Summary of the Case
The Veteran served honorably in the United States Marine Corps from December 1967 to October 1969. He worked as a parachutist, and was injured when a jet explosion knocked him off the plane he was working on. He was subsequently put on the Disability Retired List. VA later awarded service connection for the Veteran’s ankle and hip disabilities. After service, he worked a series of temporary and seasonal jobs. Over the years, he reported his service-connected disabilities were getting worse, and requested entitlement to TDIU.
VA denies TDIU
The Veteran underwent several VA examinations, during which examiners noted difficulty walking, standing, and sitting for long periods of time. From 2003 to 2011, VA denied higher ratings, to include entitlement to TDIU, several times. The Veteran appealed to the Court of Appeals for Veterans Claims in 2008 and 2011. Both appeals resulted in a Court order noting the Board erred in denying higher ratings.
In 2014, the Veteran attended another VA examination, in which the examiner opined he could not do any physically active work. The examiner noted the Veteran could perform sedentary work as long as he was able to stand up twice per hour to relieve pain. The Board subsequently referred the issue of entitlement to TDIU to the Director of Compensation for an opinion. The Director concluded entitlement to TDIU was not warranted because he found the Veteran was not unemployable in all environments. The Board denied TDIU in February 2016 because it found the Veteran could perform less strenuous or sedentary types of work.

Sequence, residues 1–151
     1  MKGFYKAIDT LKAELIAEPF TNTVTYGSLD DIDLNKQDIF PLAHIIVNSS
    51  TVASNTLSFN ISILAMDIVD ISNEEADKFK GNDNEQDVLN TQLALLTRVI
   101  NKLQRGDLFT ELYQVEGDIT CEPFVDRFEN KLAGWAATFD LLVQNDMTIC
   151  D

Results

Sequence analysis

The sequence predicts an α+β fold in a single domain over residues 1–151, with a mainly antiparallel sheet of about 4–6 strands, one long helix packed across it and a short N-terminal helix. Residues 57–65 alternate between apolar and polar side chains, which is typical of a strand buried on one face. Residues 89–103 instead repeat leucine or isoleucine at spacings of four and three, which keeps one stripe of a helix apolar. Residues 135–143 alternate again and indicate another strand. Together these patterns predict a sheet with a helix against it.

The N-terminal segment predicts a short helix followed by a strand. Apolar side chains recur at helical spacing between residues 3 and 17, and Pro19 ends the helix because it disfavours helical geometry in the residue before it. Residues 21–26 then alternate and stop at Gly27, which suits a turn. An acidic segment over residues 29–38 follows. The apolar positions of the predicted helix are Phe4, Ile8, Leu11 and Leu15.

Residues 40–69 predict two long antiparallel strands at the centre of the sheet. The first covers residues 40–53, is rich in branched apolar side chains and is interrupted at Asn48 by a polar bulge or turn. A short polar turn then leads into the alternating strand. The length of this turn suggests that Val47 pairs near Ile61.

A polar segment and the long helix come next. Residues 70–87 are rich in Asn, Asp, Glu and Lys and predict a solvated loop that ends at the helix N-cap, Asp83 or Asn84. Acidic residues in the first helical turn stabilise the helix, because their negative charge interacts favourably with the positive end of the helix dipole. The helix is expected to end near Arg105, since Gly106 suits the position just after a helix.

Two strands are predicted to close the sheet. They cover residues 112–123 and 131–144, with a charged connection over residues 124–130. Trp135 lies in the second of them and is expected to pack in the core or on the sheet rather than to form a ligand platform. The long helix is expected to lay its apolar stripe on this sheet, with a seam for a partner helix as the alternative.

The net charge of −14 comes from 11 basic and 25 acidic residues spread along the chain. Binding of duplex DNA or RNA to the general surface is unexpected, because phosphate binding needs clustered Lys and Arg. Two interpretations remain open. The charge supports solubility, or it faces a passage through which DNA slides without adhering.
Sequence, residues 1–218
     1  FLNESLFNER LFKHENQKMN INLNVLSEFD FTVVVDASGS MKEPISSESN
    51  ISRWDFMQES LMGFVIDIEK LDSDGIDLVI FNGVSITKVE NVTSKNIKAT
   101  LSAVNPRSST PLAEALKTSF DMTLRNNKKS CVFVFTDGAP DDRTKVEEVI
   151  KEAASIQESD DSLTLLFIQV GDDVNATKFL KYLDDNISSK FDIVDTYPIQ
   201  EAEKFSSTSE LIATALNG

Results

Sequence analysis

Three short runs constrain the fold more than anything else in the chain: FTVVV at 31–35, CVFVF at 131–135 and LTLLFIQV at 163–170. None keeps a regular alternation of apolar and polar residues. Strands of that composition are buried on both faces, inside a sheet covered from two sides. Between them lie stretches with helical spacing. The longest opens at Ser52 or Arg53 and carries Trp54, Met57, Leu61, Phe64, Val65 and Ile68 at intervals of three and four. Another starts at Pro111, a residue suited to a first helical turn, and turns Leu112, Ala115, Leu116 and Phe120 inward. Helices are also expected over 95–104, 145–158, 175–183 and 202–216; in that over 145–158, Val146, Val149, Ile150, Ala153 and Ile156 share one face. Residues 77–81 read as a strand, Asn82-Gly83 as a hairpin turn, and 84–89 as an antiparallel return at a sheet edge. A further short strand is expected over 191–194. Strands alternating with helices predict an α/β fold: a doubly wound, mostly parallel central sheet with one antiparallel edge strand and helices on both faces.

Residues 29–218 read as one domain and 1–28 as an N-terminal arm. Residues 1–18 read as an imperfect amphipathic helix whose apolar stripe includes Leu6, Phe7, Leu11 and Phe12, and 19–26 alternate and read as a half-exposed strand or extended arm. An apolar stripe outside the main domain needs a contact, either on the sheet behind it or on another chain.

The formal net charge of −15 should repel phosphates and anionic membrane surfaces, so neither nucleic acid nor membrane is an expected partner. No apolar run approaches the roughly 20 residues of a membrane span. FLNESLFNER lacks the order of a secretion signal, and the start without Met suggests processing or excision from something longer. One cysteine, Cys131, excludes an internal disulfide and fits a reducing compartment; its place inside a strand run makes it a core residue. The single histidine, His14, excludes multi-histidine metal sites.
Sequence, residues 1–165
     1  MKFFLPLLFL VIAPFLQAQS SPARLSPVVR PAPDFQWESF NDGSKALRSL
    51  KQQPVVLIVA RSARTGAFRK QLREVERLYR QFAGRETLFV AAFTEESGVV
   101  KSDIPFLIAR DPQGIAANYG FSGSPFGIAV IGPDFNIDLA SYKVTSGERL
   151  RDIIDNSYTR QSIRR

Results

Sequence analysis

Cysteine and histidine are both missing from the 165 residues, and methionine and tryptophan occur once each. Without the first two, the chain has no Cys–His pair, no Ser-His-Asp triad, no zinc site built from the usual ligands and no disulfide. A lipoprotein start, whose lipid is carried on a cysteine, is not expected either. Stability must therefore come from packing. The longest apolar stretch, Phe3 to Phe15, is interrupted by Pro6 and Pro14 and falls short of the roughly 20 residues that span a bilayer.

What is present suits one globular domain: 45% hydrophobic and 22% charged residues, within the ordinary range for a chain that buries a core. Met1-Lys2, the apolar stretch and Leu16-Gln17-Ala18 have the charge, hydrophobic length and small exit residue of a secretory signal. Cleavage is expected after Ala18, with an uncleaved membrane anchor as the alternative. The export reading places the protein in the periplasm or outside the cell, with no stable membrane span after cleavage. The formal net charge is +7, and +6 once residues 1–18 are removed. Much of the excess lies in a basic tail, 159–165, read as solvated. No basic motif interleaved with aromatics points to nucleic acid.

CCK appeals to Court
In its most recent decision, the Board noted the Veteran had a high school education and had only performed temporary labor in the past. It also noted the Veteran could not perform any type of labor that required prolonged standing and full use of his hip and ankle. It nonetheless denied TDIU because it found he could perform sedentary work. CCK argued, and the Court agreed, that the Board erred when it failed to recognize evidence that the Veteran could not sit for long periods of time.
CAVC agrees with CCK’s arguments
The Court found sitting is a “hallmark of sedentary employment.” It determined the Board failed to adequately explain its conclusion that the Veteran could perform sedentary work in light of this evidence.
The Court also found the Board erred when it failed to address the reasonably raised issue of whether the Veteran was only capable of marginal employment. It noted the Veteran had only worked seasonal and odd jobs and had described living “hand to mouth.” In light of this evidence, the Board needed to consider whether the Veteran was capable of earning a living wage. Thus, the Court vacated the Board’s decision and remanded the Veteran’s claim for further adjudication.